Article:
SKUNKS have been on my mind this spring as we fed baled hay to our cows. First we noticed a large hole in the side of the stack - gnawed out of the square regularity of the bales. I stuck the pitchfork handle into it, and nearly lost it, so the hole was longer than five feet. During the days that followed, we got closer to breaking open the mysterious cavity. One day the pitchfork disclosed the skunk's bathroom, an apparently separate chamber, well inside the original contours of the stack. I was impressed by the neatness and organization this implied; only the striped skunk, the variety we normally see here, makes such latrines.
The scent seemed to grow stronger every day, though I was sure our activity must have driven the resident away. As I pitched each load of hay off the rack, I had to hold my breath not only to keep from breathing dust, but to keep from inhaling the odor that seemed to have permeated the hay itself. It even hung around the area where we fed the cows, though it didn't seem to bother them.
As we dismantled the stack, I reflected on my liking for skunks. I've always admired their nerve. Even with their smelly armament, they are vulnerable to humans with weapons. A mother skunk denned up under a toolshed not 20 feet from the house last winter, and when her babies were large enough, would parade all four of them daily from the toolshed to the compost pile a hundred yards away.
The dog, the three barn cats, my parents, and my husband and I would sometimes stand in a solemn row watching this performance. Mother skunk didn't deign to look at us, unless the dog happened to growl, or one of the cats strolled too close - then she would merely glance our way and continue on her route. I don't know how she kept from laughing at us.
My friend Cynthia once told me of seeing a mother skunk walking a narrow ridge along a country road, followed by five babies. The parade proceeded peaceably until the last tiny skunk lost his footing and tumbled down the incline to the road.
Mother turned as if to admonish the rest to stay where they were, scrambled down the slope, caught the nape of the baby's neck in her teeth, hauled him back to the top, and deposited him at the end of the line. She resumed her place, and the solemn procession went on - until he fell again. Again she retrieved him and the little parade went on. Again he fell.
The third time she dropped him, then cuffed him soundly on the head twice before returning to the head of the line. Until they were out of sight, the little skunk kept firmly to his place, didn't fall again - a tribute to discipline in the animal world.
Last winter, my friend Carolyn visited during calving season, and we spent most of one night in the barn with a heifer who was having her first calf. We sat on bales and talked about our families and our poetry. About 3 a.m., I became aware of a rustling in the hay on the other side of the barn, and shone my flashlight on two shiny black eyes staring from a pointed face.
We didn't startle him, and he pursued insects and mice the rest of the night, while we assisted the calf's birth. It was a cozy relationship, and the only smells were the not unpleasant ones of birth and fresh, warm milk.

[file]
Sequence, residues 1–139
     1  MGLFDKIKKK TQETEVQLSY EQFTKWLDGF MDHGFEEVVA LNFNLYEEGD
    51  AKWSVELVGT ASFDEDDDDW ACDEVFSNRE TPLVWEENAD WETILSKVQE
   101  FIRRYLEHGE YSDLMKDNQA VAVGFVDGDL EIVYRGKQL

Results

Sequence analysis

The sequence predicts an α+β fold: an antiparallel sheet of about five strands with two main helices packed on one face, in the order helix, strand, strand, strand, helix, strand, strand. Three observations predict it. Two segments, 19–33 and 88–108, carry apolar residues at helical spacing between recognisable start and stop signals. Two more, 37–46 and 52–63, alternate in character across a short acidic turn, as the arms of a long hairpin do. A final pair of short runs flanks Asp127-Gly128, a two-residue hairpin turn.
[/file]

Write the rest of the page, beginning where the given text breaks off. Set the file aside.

Skunks visit my compost pile; since it's supposed to be decomposing, I assume it won't be damaged by going through a skunk first. Sometimes I ``accidentally'' leave tasty morsels some distance from the house to minimize the chances that the dog will encounter the skunk, to our mutual discomfort. One night when I was out on the deck enjoying the stars, I heard a rustling directly below me, and shone the flashlight down there - startling a baby skunk who was busily digging next to the foundation of the house. We stared at each other for a minute, then both retired from the scene.
Skunks can be beneficial in any locale, because they are omnivores; they'll eat almost anything. Their diet may include insects, carrion, rodents, small rabbits, frogs, crayfish, lizards, and fruit. Some types eat insects and grubs.
But skunks can cause a lot of trouble if they deviate from their normal habits. Often they displease us when they tear open sack after sack of expensive cattle feed, eat a little, then scatter and defecate on the rest. We constantly struggle to plug skunk-size holes in our old barn, but we aren't always successful.
One winter day I saw an especially fat skunk waddle out of the barn and pursued him across the garden. I thought if I followed him far enough I might make him move away. He'd let me get within about ten feet, then turn, face me squarely, and stomp his front paws repeatedly on the ground, then turn, wave his tail, look over his shoulder, and proceed.
I was so entertained by this procedure that I followed him a couple of miles. I liked his air of confidence. I've seldom seen a skunk scurry, or slink, or in any way seem ashamed of himself. They walk sedately, as if their dress-for-success immaculate white and black gives them confidence - when it's really their cologne.
When we loaded the last batch of bales from the haystack, I was pitching the hay as usual, musing on the way my coveralls had begun to retain it, when my fork struck a hollow and I fell forward. Gasping, I lifted aside the last shreds of hay.
There it was, the empty den, with a few wisps of black and white fur clinging to its rounded contours. Here, during the past winter, a mother skunk had probably raised her babies. A few tiny bones were scattered in the corners, but she and her family were gone, out into the world, no doubt with dignity.